Genetic Testing for Connective Tissue, Skeletal, and Integumentary Disorders
These services may or may not be covered by your HealthPartners plan. Please see your plan documents for your specific coverage information. If there is a difference between this general information and your plan documents, your plan documents will be used to determine your coverage.
Prior authorization is required for genetic testing for connective tissue, skeletal, and integumentary disorders.
For prenatal diagnostic genetic testing, see the Genetic Testing: Carrier Screening, Prenatal Screening, Prenatal Diagnosis, and Infertility Evaluation coverage policy.
For genetic testing for multiple congenital anomalies, see the Genetic Testing for Neurodevelopmental Disorders, Epilepsy and Seizure Disorders, and Multiple Congenital Anomalies coverage policy.
Indications that are covered
Single-gene and multiple-gene analysis for these conditions is covered when criteria 1-3 listed below are met:
- Ehlers-Danlos syndrome (EDS), vascular type
- Epidermolysis bullosa/Kindler syndrome
- Hereditary hemorrhagic telangiectasia
- Inherited ichthyoses
- Legius syndrome
- Loeys-Dietz syndrome
- Marfan syndrome
- Neurofibromatosis, types 1 and 2
- Ocular albinism
- Osteogenesis imperfecta and/or dentinogenesis imperfecta
- Thoracic Aortic Aneurysm and Dissection (TAAD)
- The test is ordered by a board-certified cardiologist; dermatologist; neurologist; ophthalmologist; rheumatologist; or geneticist; a licensed, certified genetic counselor; or an advanced-practice nurse in cardiology; dermatology, neurology; ophthalmology, rheumatology, or genetics, and is expected to directly impact management of one of the above specific, clinically-suspected, connective tissue, skeletal, or integumentary disorders.
- The member has received genetic counseling with a board-certified genetic counselor or medical geneticist who is not affiliated with the commercial testing laboratory, if applicable.
- The member has a personal history consistent with the condition being evaluated or a first-degree blood relative has been diagnosed with the condition being evaluated.
Genetic testing for connective tissue, skeletal, and integumentary disorders other than those listed above is subject to a review for medical necessity, based on current clinical literature and expert recommendations, unless listed below as an indication that is not covered.
Indications that are not covered
- Genetic testing for connective tissue, skeletal, and integumentary disorders is not covered and is considered not medically necessary when test results will not directly impact the treatment or management of a condition because the testing is not expected to restore or maintain the member’s health, prevent deterioration of the member’s condition, nor prevent the reasonably likely onset of a health problem or detect an incipient problem.
- Repeat testing of a unique analyte using the identical method of analysis is not covered and is considered not medically necessary because it is not considered an appropriate frequency of care.
- Multiple-gene panels that include genes not associated with the specific condition under evaluation are not covered and are considered not medically necessary because they are not considered an appropriate type of service for the member’s condition.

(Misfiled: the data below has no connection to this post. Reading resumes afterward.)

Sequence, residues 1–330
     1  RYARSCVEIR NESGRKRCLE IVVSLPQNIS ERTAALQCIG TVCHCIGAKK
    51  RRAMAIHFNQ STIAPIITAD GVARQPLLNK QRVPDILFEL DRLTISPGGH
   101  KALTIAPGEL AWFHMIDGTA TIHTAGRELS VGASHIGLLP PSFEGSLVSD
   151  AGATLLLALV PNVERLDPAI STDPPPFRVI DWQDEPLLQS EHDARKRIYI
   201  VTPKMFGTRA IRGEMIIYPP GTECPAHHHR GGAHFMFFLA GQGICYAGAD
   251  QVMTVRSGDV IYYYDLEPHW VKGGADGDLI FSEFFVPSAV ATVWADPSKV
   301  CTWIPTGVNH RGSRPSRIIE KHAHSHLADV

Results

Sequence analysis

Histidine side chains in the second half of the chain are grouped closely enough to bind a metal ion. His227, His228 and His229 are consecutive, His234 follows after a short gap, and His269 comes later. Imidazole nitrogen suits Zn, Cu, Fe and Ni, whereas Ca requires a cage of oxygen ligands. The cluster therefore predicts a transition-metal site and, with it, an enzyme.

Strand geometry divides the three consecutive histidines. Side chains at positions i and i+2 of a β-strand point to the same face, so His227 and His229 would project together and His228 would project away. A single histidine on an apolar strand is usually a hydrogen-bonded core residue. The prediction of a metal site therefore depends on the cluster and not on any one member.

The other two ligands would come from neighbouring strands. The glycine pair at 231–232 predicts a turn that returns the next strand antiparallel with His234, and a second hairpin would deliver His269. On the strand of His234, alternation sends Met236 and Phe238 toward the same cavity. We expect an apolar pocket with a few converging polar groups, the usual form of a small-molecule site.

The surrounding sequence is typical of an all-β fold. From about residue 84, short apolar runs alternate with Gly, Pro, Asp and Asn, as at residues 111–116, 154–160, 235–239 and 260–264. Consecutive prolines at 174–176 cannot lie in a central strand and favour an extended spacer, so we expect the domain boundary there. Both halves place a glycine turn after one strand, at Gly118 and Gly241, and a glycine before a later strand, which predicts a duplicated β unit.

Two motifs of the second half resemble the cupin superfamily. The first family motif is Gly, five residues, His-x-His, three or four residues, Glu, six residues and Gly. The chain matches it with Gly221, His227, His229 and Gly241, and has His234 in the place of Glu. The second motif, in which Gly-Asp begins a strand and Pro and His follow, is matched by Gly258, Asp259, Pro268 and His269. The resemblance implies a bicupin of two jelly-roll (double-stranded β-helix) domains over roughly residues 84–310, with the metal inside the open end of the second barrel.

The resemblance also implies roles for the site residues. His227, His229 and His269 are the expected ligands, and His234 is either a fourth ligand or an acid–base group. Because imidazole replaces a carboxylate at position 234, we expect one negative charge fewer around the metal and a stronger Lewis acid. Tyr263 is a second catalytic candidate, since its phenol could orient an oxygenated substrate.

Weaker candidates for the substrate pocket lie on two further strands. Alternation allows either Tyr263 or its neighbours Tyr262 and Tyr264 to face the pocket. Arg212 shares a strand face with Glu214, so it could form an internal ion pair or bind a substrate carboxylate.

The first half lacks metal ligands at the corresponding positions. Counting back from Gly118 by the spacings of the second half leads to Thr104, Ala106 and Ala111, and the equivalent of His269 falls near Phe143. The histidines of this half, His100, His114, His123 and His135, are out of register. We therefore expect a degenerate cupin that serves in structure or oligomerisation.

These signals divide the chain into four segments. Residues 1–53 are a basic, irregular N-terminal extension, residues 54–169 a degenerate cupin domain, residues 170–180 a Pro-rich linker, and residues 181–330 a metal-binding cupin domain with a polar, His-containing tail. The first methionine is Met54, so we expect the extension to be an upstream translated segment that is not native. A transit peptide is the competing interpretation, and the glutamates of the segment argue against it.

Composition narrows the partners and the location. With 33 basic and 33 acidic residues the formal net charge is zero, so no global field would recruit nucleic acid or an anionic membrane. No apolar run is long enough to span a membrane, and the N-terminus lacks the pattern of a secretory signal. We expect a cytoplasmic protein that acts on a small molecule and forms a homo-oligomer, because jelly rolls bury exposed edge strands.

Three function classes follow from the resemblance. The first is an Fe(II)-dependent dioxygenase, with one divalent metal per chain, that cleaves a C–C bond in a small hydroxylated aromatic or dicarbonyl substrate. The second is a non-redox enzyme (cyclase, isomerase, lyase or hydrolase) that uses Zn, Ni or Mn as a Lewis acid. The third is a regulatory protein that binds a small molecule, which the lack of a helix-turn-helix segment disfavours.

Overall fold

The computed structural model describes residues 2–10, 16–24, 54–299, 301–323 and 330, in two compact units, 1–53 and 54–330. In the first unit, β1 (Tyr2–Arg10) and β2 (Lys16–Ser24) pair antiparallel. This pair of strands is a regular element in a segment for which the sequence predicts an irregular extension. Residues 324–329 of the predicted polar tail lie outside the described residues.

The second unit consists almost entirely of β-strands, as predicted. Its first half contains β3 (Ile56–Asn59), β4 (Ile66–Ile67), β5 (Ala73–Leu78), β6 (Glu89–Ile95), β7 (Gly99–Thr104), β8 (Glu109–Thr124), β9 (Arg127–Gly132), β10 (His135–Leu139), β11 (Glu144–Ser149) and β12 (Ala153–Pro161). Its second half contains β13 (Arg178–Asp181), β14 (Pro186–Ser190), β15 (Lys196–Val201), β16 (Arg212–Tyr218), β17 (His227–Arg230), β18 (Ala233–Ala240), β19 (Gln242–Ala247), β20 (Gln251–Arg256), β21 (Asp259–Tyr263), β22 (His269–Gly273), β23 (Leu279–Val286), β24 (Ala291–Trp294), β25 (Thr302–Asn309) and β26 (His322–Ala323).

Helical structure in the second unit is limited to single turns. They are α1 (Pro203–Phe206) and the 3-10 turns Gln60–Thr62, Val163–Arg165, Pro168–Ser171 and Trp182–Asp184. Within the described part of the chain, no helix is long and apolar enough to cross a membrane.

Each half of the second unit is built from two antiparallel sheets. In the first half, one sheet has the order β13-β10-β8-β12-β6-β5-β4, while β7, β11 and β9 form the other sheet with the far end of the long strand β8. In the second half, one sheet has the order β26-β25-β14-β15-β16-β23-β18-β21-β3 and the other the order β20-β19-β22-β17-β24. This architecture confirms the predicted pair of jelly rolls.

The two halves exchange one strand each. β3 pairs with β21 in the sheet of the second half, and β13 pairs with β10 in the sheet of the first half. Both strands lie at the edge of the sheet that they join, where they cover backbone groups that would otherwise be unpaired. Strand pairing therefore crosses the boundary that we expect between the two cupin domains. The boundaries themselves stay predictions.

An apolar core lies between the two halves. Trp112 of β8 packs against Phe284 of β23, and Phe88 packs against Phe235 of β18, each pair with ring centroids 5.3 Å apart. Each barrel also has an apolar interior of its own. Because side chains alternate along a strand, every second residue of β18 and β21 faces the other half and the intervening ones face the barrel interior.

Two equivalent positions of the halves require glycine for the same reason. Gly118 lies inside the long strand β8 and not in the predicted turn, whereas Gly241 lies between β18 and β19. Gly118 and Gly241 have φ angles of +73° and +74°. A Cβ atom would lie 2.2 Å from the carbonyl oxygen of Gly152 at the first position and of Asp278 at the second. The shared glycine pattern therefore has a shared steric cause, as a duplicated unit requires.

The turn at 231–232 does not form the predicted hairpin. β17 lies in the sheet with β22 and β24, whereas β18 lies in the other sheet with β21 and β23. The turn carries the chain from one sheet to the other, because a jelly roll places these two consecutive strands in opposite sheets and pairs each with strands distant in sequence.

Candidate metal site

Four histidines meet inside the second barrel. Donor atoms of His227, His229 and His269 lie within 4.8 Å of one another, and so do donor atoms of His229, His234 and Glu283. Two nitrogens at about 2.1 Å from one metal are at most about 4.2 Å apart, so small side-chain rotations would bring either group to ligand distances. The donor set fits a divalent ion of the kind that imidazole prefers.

- Single-gene and multiple-gene assays for the following conditions are considered experimental/investigational, because reliable evidence does not permit conclusions concerning safety, effectiveness, or effect on health outcomes, including, but not limited to:
- Anhidrotic ectodermal dysplasia
- Ehlers-Danlos syndrome, except as described above
- Familial partial lipodystrophy
- Isolated abdominal aortic aneurysm
- Hereditary multiple osteochondromas
- Mitral valve prolapse syndrome
- Peripheral pulmonary stenosis
- Pseudoxanthoma elasticum
First-degree relative is an individual’s parent, sibling, or child
Genetic refers to inherited traits or disorders, or those that result from acquired changes in genetic makeup.
Genetic Testing involves analysis of human genetic material (such as DNA or chromosomes) to identify whether a person has a particular inherited trait or disorder, or an acquired genetic change, or whether he or she carries a gene that could lead to a specific disease or condition.
If available, codes are listed below for informational purposes only, and do not guarantee member coverage or provider reimbursement. The list may not be all-inclusive.
Aortic dysfunction or dilation (eg, Marfan syndrome, Loeys Dietz syndrome, Ehler Danlos syndrome type IV, arterial tortuosity syndrome); genomic sequence analysis panel, must include sequencing of at least 9 genes, including FBN1, TGFBR1, TGFBR2, COL3A1, MYH11, ACTA2, SLC2A10, SMAD3, and MYLK
Aortic dysfunction or dilation (eg, Marfan syndrome, Loeys Dietz syndrome, Ehler Danlos syndrome type IV, arterial tortuosity syndrome); duplication/deletion analysis panel, must include analyses for TGFBR1, TGFBR2, MYH11, and COL3A1
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This information is for most, but not all, HealthPartners plans. Please read your plan documents to see if your plan has limits or will not cover some items. If there is a difference between this general information and your plan documents, your plan documents will be used to determine your coverage. These coverage criteria may not apply to Medicare Products if Medicare requires different coverage. For more information regarding Medicare coverage criteria or for a copy of a Medicare coverage policy, contact Member Services at 952-883-7979 or 1-800-233-9645.
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